Gunning for the Constitution

Scripps-Howard News Service 12.10.02
Balint Vazsonyi

Not surprisingly, the U.S. Court of Appeals for the 9th Circuit in San Francisco upheld the ban on semi-automatic weapons in California. Not surprisingly, Judge Stephen Reinhardt wrote the opinion. So why even bother to comment about it?

Because every time Judge Reinhardt puts pen to paper, he aims to dismantle the very Constitution that gives him the power to put pen to paper.

In my book, "America's Thirty Years War," I presented a detailed analysis of Judge Reinhardt's incompatibility with the American model. The basis for the analysis was a speech the judge had delivered before law students at George Washington University in our nation's capital.

With disarming sincerity, he described himself as a Liberal judge. "How can you tell a judge is a Liberal?" Reinhardt asked. "It's not that hard. Liberal judges believe in a generous or expansive interpretation of the Bill of Rights. We believe that the meaning of the Constitution was not frozen in 1789. That, as society develops and evolves, its understanding of constitutional principles also grows. We believe that the Founding Fathers used broad general principles to describe our rights...because they were determined not to erect, enact a narrow, rigid code that would bind and limit all future generations."

Translation: The law is what my political agenda calls for.

Fact: The Founding Fathers didn't use broad general principles. They wrote a Constitution of laws. In the first ten Amendments, they specified rights. Judge Reinhardt's description of rights, as reproduced in some details in said book, reveals either that he has not the slightest idea of what rights are, or that he has taken it upon himself to redefine the concept of rights as well as the U.S. Constitution.

All this is of renewed importance because the Second Amendment is becoming the subject of broad debate. The matter of rights is paramount because the 9th Circuit, and many others, speak of a "collective right" - meaning that the bearing of arms must connect to a state militia - as opposed to being an individual right.

Please write the following over your bed, desk, and dining table: "All rights under the U.S. Constitution are vested in individuals." There are no collective or group rights, except in the afflicted minds of the 60s people.

But now we come to the heart of the matter. All of us are appalled by the increased wanton violence in our society. All of us wish for some remedy, or at least relief from the terrible scenes we are served up on television.

The reason we cannot look to a repeal of the Second Amendment, or even to a re-write of some sort, is simple. This Republic was born out of the conviction "that whenever any Form of Government becomes destructive of these Ends (Life, Liberty , and the Pursuit of Happiness), it is the Right of the People to alter or to abolish it, and to institute new Government."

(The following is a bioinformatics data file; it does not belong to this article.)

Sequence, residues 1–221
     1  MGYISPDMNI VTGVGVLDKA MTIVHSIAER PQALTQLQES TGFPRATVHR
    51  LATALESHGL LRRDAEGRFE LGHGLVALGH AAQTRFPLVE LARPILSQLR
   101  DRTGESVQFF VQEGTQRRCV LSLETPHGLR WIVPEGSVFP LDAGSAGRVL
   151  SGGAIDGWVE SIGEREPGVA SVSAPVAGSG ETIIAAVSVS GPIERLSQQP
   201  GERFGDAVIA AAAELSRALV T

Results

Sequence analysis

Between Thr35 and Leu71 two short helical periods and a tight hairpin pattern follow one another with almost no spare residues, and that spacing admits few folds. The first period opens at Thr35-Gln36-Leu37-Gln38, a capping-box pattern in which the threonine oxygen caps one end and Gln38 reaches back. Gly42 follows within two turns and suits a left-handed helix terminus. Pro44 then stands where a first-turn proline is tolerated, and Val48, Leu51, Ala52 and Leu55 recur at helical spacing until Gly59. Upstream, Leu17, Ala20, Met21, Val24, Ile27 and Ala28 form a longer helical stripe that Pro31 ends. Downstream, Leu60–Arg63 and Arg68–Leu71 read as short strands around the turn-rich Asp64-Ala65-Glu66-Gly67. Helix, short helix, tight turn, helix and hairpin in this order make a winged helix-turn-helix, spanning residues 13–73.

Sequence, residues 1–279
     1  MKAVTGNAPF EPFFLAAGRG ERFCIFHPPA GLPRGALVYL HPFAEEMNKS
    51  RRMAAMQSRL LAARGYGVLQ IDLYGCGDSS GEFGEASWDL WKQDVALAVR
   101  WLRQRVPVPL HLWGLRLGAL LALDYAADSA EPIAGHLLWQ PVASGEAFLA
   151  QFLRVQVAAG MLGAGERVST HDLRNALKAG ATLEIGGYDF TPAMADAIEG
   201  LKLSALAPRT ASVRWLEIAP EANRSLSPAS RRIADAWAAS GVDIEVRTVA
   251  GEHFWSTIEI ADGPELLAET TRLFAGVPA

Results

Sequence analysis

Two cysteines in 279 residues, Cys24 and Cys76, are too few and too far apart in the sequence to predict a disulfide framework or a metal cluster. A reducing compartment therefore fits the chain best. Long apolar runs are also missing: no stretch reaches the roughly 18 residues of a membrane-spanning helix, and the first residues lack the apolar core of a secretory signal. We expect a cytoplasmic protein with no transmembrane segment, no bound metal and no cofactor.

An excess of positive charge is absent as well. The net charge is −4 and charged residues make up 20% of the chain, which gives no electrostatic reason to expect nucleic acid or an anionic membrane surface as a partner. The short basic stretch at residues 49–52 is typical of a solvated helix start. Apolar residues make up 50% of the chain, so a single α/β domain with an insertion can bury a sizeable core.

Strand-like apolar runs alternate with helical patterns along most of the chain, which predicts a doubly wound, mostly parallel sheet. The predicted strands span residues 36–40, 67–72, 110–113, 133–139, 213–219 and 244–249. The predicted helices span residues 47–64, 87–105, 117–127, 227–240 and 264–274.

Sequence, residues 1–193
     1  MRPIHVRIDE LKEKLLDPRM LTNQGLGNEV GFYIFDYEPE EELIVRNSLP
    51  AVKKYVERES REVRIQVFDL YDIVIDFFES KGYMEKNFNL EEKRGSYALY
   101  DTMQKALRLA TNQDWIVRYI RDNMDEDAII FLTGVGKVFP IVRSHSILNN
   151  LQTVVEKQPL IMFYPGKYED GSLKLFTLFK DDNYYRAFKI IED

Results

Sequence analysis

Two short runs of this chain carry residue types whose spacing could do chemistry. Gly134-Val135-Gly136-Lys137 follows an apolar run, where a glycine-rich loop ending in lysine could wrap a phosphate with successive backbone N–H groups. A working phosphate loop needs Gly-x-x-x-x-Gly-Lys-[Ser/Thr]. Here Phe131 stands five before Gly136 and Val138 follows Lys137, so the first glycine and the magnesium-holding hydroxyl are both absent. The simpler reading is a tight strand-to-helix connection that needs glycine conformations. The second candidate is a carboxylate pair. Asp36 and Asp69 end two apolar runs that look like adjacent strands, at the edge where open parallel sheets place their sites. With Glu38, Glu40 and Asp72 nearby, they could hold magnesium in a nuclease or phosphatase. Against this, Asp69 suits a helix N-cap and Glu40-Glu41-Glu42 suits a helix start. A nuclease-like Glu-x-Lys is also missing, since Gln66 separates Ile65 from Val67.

The first act of this new Republic was to abolish the existing Government with the extensive use of arms.

Nations in their moments of the most dire needs have looked across the waters to the fortunate Americans, wishing they had the arms to become masters of their fate.

Very little in the U.S. Constitution grows as directly out of the core statements of the Declaration of Independence as does the Second Amendment. Repeal it, subdue it, and you have undone what the people to whom we owe everything died for.

We have been very fortunate most of the time. As yet, our system works. Stephen Reinhardt can write all the opinions he wants. While others are overturned, Mr. Reinhardt's opinions are generally dismissed by the Supreme Court, not even dignified with an explanation.

But there could be a time when the Reinhardts of this world - and since the 1960s their numbers have grown steadily - would acquire physical power. Heaven forbid, but the citizenry may find itself with a government that moves the people "to alter or to abolish it, and to institute new Government." As in 1776, that may be possible only with the use of firearms.

Yes, but why does anyone need semi-automatic, so-called assault weapons? Perhaps no one needs them. Yet the history of smoking teaches us a bitter lesson. Where the enemies of freedom mean business, give them the tiniest opening, and they will rule the field in no time.

Make no mistake. Smoking was not about health. It was about freedom. Gun control is not about protecting school children. It's about transforming this Republic into a country like all others, where only the government possesses weapons.

And once that happens, the judge's robe can turn into a military uniform at the drop of a hat.

As indeed it happened countless times in countries we call civilized.